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Fatherhood Decreases Testosterone

12 September 2011 3:01 pm
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Committed. Low testosterone levels may make men better fathers.

Humans are probably the only species on Earth who nurture their young for 20 years or more. For men in particular, the intensive demands of parenting can come as such a shock that a built-in biological mechanism has evolved to help cope with the change. A new study shows that becoming a father leads to a sharp decline in testosterone, suggesting that although high levels of the hormone may help men win a mate, testosterone-fueled traits such as aggression and competition are less useful when it comes to raising children.

Previous research had shown that among new fathers, testosterone levels were lower than in men of the same age who didn't have children. But no study addressed whether parenthood itself was responsible, or whether men who became committed partners and fathers started out with lower levels of the hormone than did their single, footloose friends.

To sort out cause and effect, anthropologists Lee Gettler, Christopher Kuzawa, and colleagues at Northwestern University in Evanston, Illinois, and the University of San Carlos in Cebu City, Philippines, checked testosterone levels in a group of men participating in the ongoing Cebu Longitudinal Health and Nutrition Survey. The survey began with a group of some 3000 women who were pregnant in 1983 and followed the general health, nutrition, medical care, and survival of their children; it has since expanded into an intergenerational study of health, education, and sexual behavior as those children grew up and are now having children of their own.

"The Cebu survey is one of the only studies of its kind, in which a large group of men has been followed since birth," Gettler says. "It also provides a changing culture, in which more fathers are getting involved with taking care of their kids, as opposed to the earlier tradition of being just breadwinners."

Working with a group of about 600 men participating in the survey, the team measured morning and evening salivary testosterone levels in 2005, when the men were about age 21, then again in 2009.

The researchers found that men with the highest levels of testosterone were more likely to become committed partners and fathers—at which point they showed steeper drops in testosterone than did their single, childless counterparts. New fathers showed a 26% drop in morning levels and a 34% decrease in evening levels, compared with single nonfathers, whose morning and evening testosterone went down by 12% and 14%, respectively (a decline attributable to the passing years). The study also revealed that testosterone levels were lowest in men who reported spending the greatest amount of time spent caring for their children. Low levels of the hormone also correlated with the age of the children, with the sharpest declines seen in men whose youngest child was less than a month old, the team reports online today in the Proceedings of the National Academy of Sciences.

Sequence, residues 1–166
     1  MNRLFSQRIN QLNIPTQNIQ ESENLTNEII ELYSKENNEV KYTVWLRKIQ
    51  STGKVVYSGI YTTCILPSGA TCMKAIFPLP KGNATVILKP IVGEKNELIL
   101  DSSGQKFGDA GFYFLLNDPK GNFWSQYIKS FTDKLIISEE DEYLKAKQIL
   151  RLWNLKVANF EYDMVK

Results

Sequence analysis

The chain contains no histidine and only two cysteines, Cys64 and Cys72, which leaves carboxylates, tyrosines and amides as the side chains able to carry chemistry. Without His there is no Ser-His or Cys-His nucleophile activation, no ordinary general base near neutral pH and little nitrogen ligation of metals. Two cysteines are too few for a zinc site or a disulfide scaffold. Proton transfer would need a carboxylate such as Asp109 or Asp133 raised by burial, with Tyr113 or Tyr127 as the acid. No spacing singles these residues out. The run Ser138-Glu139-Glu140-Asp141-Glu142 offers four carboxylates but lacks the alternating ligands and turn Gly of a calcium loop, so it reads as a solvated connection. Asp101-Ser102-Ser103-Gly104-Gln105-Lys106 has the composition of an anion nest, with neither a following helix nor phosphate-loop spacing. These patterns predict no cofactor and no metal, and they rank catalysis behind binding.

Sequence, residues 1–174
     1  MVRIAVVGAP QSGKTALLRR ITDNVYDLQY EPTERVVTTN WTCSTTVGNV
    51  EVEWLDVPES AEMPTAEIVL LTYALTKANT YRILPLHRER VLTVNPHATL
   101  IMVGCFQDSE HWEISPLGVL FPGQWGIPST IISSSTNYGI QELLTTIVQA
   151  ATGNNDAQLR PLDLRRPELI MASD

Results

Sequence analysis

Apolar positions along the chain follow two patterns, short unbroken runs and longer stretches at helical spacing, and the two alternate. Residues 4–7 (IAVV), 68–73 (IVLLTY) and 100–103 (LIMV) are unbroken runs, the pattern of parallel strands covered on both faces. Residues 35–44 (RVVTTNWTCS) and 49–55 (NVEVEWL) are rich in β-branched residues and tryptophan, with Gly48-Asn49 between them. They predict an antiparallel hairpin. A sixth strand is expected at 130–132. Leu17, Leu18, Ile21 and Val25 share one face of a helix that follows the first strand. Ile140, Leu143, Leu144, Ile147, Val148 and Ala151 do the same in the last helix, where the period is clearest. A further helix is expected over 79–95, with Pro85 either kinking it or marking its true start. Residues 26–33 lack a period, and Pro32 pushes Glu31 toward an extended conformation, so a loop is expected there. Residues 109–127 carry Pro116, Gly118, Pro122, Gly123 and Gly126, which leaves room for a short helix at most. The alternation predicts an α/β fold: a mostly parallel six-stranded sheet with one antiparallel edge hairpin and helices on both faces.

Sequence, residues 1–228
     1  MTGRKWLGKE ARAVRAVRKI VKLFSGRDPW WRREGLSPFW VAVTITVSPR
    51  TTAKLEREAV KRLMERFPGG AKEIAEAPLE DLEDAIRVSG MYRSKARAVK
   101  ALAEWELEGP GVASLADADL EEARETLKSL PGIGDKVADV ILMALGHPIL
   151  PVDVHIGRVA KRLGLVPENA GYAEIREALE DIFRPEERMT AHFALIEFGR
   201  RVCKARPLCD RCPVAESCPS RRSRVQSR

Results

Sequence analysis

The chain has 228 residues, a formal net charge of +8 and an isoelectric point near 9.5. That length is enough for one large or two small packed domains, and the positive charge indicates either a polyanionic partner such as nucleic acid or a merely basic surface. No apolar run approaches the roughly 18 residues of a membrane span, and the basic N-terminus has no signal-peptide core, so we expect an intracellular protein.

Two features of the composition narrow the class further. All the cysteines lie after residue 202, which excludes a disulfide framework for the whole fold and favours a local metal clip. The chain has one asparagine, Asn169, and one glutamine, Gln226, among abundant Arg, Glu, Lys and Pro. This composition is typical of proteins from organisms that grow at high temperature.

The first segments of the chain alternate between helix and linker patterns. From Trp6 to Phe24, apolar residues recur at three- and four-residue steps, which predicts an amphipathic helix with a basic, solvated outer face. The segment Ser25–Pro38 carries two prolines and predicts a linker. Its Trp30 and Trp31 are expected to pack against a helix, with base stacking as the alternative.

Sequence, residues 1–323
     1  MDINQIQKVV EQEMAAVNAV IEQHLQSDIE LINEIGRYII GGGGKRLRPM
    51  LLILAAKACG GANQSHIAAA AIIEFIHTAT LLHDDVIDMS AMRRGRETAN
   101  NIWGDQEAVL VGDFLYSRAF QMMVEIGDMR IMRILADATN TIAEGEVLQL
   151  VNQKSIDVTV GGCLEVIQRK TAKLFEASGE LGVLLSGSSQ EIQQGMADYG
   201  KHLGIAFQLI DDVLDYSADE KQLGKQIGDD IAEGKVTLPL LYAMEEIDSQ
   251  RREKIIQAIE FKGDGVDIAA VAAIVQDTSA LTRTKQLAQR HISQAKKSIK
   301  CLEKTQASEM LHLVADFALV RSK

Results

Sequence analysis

"The drop in testosterone seems to be a biological adjustment that helps men shift their priorities when children come along," Kuzawa says. Other studies have found that men with high testosterone levels are more likely to have marital problems and get divorced. In one experiment, men with higher testosterone levels felt less sympathy and less need to respond to the sound of a crying baby.

By showing that committed fathers are able to lower their hormonal thermostats, the finding upends the classic view that men evolved solely to be hunters and providers, Kuzawa explains. "There's a growing awareness among anthropologists that raising human children is a group activity and that fathers are biologically wired to help out."

The paper is the first to show that committed parenting precedes lowered testosterone levels rather than being a result, says anthropologist Peter Gray of the University of Nevada, Las Vegas, writes in an e-mail. "This study addresses the chicken/egg issue head on."

"It's a very exciting study," adds psychologist Sari van Anders of the University of Michigan, Ann Arbor. "The researchers have done a solid job of demonstrating the evolutionary importance of fatherhood as an aspect of masculinity."

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